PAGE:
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A weekly show where we endeavor to answer one of your big questions. This week, Kevin asks, "Does ginger ale really help with stomach aches?"

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Craig: Hi, I'm Craig, I just drank a bucket of ginger ale and this is Mental_Floss on YouTube. Today I'm gonna answer Kevin's big question: Does ginger ale really help with stomach aches? Well, not for me right now. I just drank a lot of ginger ale. You shouldn't drink a bucket of anything really, Kevin. 

So there are a few things going on here that can affect your stomach, carbonation, ginger, and the combination of those two things in ginger ale. And whether or not any of these help is actually still being debated in the medical world, so I'm gonna talk about that today. Let's get started.

(Mental_Floss intro plays)

Experts don't totally agree on whether carbonation in soda helps with a stomach ache. Some claim that the air bubbles from soda in a stomach might make a person feel better, but according to the Mayo Clinic, carbonation can lead to our old friend bloat and gas, so it's possible to make your stomach issue worse by drinking soda.

And a 2008 review of medical literature about whether soda alleviates a stomach ache found no scientific evidence that it can. They also looked at the possibility that it would be rehydrating for a sick person to drink coke, ginger ale, or clear soda, but they determined that it wouldn't be.

According to the researchers, (old person voice) "carbonated drinks, flat or otherwise, including cola, provide inadequate fluid and electrolyte replacement and cannot be recommended." I don't know if the person that said that sounded like that, but you don't know either, so...

Ginger, on the other hand, has a reputation for being good for digestion, but there are some conflicting studies on whether it actually is. One 2011 study examined 444 cancer patients who were receiving chemotherapy, which typically makes people nauseous. Some were given a placebo and three others were given varying amounts of ginger. The study was randomized and double blind, meaning neither the experimenters nor the patients knew which groups people belonged to.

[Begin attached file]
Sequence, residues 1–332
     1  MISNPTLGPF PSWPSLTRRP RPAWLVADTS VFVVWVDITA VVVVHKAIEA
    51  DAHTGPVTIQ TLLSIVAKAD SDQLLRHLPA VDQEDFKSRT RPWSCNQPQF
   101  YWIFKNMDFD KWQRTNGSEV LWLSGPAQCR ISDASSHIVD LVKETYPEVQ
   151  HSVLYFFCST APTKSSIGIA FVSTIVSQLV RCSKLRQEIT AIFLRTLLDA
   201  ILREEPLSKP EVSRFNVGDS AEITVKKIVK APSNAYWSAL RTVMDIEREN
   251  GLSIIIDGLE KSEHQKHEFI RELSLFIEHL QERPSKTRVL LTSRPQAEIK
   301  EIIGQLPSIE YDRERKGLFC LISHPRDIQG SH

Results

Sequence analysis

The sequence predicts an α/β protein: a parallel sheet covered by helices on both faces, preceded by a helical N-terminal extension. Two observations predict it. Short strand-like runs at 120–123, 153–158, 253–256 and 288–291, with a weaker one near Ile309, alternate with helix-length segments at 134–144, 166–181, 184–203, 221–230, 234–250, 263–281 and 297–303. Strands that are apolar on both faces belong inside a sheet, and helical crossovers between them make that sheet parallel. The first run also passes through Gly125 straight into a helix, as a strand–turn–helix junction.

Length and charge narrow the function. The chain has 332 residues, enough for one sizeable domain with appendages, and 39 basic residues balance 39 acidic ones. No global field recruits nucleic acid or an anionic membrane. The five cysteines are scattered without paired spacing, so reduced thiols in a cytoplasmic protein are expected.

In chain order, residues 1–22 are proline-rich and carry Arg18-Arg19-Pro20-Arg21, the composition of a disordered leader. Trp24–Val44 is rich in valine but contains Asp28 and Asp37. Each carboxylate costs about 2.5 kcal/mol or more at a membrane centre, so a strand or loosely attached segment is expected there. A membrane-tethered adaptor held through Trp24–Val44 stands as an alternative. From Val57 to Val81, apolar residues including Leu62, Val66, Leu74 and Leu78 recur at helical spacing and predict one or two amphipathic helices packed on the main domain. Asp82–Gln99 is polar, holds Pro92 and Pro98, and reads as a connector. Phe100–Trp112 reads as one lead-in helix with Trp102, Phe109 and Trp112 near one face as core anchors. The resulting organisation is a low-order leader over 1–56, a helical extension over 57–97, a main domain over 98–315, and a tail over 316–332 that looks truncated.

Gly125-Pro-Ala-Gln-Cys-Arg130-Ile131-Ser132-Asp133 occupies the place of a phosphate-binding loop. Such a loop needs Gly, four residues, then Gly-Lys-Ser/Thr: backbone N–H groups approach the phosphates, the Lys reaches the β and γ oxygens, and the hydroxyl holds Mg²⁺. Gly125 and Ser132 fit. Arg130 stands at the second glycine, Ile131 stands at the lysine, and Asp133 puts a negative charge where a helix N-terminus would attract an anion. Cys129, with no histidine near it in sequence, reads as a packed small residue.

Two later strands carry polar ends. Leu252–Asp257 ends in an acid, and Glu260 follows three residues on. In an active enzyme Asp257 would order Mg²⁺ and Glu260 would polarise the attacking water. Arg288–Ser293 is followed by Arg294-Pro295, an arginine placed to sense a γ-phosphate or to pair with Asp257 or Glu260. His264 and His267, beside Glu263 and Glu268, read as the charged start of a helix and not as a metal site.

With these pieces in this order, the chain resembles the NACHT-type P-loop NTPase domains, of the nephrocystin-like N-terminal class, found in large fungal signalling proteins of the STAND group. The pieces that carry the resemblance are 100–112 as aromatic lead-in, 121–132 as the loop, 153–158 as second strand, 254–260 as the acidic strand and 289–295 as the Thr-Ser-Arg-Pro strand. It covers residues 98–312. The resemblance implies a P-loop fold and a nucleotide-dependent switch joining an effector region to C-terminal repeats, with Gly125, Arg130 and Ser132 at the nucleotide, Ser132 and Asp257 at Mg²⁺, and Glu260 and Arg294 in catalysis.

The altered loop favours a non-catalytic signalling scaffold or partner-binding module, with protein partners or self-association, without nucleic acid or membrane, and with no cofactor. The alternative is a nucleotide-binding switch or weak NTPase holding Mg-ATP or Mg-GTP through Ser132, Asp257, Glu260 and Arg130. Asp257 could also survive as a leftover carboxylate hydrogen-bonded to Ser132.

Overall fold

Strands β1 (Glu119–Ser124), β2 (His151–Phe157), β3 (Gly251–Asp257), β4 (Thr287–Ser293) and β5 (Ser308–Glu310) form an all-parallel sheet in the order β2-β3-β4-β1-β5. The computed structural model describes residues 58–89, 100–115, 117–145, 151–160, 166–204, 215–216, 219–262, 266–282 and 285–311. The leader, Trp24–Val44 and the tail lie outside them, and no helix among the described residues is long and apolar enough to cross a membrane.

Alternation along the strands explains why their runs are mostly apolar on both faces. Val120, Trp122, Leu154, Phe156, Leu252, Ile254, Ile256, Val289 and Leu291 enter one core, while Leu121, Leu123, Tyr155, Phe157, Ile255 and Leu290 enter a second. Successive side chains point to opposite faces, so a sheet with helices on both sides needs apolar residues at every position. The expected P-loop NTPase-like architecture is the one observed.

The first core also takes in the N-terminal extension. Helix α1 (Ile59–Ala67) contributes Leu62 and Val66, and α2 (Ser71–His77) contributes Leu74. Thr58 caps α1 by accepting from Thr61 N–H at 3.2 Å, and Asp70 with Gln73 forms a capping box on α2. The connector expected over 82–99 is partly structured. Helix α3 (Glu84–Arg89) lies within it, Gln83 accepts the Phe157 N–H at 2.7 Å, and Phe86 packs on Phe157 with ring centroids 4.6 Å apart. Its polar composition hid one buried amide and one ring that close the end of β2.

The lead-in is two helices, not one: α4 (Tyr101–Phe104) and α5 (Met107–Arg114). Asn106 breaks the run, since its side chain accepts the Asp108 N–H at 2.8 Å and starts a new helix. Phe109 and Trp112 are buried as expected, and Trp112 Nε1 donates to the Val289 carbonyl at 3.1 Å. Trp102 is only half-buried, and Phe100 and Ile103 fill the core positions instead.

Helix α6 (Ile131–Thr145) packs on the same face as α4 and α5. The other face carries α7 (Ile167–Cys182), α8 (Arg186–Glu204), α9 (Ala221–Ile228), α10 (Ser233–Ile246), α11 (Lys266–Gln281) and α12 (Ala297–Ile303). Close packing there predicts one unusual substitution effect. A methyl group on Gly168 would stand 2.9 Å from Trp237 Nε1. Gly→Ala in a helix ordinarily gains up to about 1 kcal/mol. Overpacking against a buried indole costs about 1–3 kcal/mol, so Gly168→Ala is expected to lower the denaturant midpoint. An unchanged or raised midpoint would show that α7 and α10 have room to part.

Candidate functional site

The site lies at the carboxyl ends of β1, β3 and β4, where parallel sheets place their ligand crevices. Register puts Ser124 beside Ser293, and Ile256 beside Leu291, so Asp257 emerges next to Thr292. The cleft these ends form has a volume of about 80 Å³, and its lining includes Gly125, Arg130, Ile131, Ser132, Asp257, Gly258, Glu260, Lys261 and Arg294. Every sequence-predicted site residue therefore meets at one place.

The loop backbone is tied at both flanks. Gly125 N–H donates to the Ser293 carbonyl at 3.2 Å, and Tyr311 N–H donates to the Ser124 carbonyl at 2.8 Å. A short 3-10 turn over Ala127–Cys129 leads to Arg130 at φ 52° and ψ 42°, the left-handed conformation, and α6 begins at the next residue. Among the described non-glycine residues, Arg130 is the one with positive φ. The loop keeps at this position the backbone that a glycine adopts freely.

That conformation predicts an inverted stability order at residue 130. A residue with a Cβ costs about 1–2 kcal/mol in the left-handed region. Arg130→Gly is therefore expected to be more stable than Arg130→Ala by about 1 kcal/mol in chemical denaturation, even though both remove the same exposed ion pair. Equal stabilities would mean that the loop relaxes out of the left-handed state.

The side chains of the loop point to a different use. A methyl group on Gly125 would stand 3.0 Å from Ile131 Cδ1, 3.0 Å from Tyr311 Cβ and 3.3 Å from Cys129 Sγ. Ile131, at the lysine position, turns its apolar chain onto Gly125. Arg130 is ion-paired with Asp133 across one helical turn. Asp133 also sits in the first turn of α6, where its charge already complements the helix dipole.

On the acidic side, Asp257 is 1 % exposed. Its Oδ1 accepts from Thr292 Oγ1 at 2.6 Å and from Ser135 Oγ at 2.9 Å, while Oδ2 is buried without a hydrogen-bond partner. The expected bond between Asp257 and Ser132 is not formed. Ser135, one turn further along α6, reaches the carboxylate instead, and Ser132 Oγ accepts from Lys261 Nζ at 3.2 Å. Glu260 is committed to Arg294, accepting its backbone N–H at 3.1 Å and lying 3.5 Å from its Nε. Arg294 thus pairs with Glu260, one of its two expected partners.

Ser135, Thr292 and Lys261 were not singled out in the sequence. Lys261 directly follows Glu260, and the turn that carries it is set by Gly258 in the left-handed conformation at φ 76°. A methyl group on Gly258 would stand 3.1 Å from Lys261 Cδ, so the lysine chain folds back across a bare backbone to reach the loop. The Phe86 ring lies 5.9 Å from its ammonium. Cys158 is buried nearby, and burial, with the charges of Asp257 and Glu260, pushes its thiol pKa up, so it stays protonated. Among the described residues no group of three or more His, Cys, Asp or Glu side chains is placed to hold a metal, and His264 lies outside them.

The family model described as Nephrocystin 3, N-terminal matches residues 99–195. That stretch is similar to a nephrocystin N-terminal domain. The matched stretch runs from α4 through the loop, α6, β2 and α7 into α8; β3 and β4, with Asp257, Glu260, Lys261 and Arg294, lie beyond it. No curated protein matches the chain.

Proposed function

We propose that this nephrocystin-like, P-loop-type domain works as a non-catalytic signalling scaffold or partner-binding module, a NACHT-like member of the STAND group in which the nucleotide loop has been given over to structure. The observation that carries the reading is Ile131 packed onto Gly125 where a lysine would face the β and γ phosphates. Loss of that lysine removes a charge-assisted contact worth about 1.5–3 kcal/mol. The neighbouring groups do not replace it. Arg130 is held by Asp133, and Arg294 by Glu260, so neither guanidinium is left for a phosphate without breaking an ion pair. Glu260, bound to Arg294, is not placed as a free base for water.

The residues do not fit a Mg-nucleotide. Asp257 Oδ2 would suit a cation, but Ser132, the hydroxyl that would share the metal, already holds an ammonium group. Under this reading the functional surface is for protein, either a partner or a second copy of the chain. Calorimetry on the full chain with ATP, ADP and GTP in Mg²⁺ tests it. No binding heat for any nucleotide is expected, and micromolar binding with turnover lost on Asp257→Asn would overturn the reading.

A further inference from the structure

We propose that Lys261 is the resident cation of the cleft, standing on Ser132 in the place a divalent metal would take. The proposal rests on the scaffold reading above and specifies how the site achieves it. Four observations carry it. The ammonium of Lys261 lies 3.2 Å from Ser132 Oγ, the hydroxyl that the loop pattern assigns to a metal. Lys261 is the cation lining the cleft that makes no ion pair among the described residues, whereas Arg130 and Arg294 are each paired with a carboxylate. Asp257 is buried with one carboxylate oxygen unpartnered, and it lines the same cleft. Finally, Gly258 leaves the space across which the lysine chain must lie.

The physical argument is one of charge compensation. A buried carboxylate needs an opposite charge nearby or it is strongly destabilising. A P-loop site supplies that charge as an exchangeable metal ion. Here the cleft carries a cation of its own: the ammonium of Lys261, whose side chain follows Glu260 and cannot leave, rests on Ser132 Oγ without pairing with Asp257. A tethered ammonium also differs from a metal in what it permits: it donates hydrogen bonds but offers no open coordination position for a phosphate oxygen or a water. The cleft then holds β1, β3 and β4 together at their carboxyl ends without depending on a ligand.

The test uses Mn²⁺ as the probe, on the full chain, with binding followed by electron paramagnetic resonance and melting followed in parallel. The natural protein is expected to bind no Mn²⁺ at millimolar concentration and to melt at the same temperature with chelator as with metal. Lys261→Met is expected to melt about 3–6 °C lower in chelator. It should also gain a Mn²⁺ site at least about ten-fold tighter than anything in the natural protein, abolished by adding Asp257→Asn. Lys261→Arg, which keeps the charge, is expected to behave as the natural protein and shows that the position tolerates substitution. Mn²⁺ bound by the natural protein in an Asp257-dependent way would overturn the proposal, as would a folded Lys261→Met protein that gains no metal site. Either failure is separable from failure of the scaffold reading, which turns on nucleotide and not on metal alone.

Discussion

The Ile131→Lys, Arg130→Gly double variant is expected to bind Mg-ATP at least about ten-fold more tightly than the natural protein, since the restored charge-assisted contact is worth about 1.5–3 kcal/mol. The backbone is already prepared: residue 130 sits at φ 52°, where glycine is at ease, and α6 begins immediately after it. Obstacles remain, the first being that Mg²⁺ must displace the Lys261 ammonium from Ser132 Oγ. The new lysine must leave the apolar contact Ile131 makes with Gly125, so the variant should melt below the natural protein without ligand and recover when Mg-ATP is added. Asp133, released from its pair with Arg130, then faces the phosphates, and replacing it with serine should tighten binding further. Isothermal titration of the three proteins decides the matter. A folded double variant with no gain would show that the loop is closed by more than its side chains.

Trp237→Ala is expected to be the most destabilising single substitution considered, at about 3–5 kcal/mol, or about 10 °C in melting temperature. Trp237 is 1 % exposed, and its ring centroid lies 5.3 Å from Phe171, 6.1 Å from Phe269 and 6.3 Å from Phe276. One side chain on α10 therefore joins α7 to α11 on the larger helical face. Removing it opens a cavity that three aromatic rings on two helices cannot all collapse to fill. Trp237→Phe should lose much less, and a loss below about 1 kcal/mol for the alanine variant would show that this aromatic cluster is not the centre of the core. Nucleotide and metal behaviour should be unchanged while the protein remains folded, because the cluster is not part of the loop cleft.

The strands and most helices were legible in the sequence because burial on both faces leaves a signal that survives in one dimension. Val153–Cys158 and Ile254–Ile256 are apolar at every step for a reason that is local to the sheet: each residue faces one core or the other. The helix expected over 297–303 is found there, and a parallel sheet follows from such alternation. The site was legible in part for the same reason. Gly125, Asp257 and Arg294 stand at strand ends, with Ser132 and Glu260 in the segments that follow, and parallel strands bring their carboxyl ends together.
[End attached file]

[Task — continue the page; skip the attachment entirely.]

According to the results, "all doses of ginger significantly reduced acute nausea severity compared to placebo on Day 1 of chemotherapy. The largest reduction in nausea intensity occurred with 0.5 g and 1.0 g of ginger."

Additionally, there have been studies that show that ginger can help with nausea during pregnancy, motion sickness, and post-surgery. That sounds promising, but the writers of the study I described earlier did note that their results conflicted with a very similar study in 2009. It was also randomized, double blind, and placebo controlled. The researchers examined 162 cancer patients and found that ginger did not help alleviate chemotherapy induced nausea.

So at last, we can finally, definitively say, it's hard to say. If it helped in the past, there's no reason you shouldn't have some ginger ale if you're feeling sick. Since ginger has been shown to help with stomach issues in some cases, try to find ginger ale with ginger root in the ingredients.

Thanks for watching Mental_floss on YouTube, Made with the help of all of these nausea-inducing people. If you have a question of your own, leave it below in the comments. See you next week.